Crosstalk comes from three major mechanisms: an electric field that is coupled by capacitance, a magnetic field coupled by mutual inductance, and current through a common impedance that is shared by two channels. In all cases, crosstalk becomes more difficult to control as the signal frequency increases. Common techniques used to prevent crosstalk consist of circuit shielding and separation, component bypassing, and careful signal routing.
Capacitively coupled crosstalk can occur between two or more conductors. From a circuit standpoint, the crosstalk mechanism looks like capacitive coupling to a resistive load at the input of a crosspoint IC. For low frequencies, the magnitude of the crosstalk is given by:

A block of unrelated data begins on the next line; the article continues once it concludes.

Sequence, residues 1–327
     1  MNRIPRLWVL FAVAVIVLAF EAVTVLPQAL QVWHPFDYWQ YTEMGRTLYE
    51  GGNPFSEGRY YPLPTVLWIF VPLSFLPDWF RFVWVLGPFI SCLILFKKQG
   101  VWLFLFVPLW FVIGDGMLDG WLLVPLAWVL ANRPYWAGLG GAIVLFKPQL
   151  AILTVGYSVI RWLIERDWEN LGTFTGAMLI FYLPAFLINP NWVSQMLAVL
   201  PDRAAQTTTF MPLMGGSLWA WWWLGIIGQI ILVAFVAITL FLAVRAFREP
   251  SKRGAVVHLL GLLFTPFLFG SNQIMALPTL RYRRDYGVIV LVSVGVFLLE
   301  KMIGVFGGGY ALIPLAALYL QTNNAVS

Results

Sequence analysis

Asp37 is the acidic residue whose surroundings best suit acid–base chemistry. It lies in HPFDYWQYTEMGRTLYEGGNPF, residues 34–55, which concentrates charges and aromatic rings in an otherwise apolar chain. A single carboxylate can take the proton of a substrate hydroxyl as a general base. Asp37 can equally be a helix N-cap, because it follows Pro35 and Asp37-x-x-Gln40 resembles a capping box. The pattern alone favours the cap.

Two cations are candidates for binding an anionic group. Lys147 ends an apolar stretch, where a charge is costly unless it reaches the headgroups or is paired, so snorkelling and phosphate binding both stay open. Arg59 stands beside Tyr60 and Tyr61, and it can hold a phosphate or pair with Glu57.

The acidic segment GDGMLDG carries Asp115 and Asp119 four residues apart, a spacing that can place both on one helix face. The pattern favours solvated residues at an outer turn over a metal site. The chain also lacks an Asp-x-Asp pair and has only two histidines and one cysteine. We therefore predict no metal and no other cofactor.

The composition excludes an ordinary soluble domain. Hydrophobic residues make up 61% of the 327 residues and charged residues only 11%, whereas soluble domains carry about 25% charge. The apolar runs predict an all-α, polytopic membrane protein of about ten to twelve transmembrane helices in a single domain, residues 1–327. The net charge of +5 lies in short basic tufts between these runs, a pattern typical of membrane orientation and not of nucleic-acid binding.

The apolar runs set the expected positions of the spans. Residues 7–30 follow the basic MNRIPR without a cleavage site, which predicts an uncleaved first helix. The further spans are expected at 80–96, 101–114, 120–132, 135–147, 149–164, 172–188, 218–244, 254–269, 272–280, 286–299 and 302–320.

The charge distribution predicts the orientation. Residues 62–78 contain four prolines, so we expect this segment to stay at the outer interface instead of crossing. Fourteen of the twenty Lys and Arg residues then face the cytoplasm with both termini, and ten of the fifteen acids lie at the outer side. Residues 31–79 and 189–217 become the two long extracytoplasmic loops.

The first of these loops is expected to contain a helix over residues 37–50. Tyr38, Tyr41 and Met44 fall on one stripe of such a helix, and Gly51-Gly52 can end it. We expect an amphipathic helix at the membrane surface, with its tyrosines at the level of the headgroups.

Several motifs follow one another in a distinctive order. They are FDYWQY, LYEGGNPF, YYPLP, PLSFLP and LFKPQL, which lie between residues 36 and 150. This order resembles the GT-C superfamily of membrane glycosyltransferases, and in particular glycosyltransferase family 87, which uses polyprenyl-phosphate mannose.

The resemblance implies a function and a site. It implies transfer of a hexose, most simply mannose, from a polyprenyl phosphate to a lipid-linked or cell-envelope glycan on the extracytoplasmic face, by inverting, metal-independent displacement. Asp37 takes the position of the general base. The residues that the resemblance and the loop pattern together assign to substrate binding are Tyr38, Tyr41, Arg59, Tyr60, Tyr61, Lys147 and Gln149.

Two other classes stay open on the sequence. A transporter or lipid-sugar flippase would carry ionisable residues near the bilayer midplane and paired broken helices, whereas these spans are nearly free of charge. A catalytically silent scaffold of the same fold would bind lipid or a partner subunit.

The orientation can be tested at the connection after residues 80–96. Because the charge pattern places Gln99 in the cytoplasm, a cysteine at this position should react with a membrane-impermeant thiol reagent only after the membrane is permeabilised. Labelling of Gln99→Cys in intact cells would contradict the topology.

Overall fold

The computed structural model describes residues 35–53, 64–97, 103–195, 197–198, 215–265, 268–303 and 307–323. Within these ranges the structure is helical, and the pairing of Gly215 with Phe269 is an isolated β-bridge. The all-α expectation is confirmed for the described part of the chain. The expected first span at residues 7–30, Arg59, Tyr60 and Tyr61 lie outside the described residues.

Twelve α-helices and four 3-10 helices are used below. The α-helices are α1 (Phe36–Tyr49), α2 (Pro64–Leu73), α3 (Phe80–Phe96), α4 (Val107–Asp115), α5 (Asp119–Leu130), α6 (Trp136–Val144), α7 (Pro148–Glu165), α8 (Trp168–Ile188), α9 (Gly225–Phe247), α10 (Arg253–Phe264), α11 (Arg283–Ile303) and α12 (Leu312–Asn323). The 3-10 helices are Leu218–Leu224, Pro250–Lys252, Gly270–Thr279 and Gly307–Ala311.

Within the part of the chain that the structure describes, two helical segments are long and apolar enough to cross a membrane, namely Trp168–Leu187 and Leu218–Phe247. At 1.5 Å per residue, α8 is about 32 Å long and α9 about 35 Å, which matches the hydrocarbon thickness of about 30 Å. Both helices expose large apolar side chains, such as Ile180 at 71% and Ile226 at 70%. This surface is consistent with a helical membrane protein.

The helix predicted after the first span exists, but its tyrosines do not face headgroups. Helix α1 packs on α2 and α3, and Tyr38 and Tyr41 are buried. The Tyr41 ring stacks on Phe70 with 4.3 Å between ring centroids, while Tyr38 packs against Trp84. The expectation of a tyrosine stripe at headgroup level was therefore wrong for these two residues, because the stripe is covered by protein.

Crosstalk = 20 log10 \[(RSCM) * s\]
where RS is the source resistance, CM is the mutual capacitance between the signal circuits, and s is the Laplace transform variable.
Take, for example, two input channels into a crosspoint-switch IC. From this equation, it can be observed that this crosstalk mechanism has a high-pass nature. It also can be minimized by reducing the coupling capacitance of the input circuits. This can be done by using crosspoint devices with a ground or power supply pin between the signal pins to provide shielding against crosstalk. This is a standard pinout in Analog Devices' crosspoint ICs. A pc-board designed for low crosstalk should have the signals routed, as much as possible, on inner layers with ground planes above, below, and in between traces on the signal routing layer.